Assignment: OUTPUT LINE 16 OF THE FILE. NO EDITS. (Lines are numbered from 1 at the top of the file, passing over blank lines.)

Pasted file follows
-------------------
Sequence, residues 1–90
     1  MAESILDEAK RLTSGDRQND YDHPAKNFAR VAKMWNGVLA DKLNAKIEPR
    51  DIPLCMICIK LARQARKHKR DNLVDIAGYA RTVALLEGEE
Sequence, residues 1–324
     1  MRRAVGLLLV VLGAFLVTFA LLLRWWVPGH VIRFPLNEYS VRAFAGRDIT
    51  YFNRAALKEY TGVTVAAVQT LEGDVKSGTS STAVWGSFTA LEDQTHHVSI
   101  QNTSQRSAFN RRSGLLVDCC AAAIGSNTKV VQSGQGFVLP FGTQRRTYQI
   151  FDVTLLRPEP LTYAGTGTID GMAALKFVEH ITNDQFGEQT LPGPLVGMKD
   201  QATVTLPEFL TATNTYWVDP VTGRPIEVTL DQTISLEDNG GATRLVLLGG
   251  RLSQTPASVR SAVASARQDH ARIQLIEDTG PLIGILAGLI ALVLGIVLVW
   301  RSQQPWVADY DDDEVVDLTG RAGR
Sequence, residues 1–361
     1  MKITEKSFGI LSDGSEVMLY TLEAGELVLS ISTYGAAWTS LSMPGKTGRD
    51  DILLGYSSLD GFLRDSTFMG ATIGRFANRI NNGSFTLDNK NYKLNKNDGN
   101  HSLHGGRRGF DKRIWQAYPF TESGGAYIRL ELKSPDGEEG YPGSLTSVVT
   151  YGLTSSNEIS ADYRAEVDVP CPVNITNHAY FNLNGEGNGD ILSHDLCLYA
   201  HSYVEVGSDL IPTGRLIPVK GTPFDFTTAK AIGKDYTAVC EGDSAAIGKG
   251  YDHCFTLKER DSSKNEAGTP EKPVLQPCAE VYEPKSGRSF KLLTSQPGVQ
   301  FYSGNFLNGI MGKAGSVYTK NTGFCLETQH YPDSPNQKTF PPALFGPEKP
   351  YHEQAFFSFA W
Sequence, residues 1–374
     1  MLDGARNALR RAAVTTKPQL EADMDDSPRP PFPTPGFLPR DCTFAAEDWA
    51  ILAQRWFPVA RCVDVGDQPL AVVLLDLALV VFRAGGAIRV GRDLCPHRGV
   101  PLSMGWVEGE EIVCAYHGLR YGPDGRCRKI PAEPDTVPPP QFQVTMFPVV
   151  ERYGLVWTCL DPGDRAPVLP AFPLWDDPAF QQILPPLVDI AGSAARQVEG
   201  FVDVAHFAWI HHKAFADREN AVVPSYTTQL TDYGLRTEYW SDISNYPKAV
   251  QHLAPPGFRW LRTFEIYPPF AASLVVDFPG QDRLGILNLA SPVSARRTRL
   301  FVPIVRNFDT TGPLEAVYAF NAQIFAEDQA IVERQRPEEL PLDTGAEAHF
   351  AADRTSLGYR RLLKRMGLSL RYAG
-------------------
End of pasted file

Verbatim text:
   151  YGLTSSNEIS ADYRAEVDVP CPVNITNHAY FNLNGEGNGD ILSHDLCLYA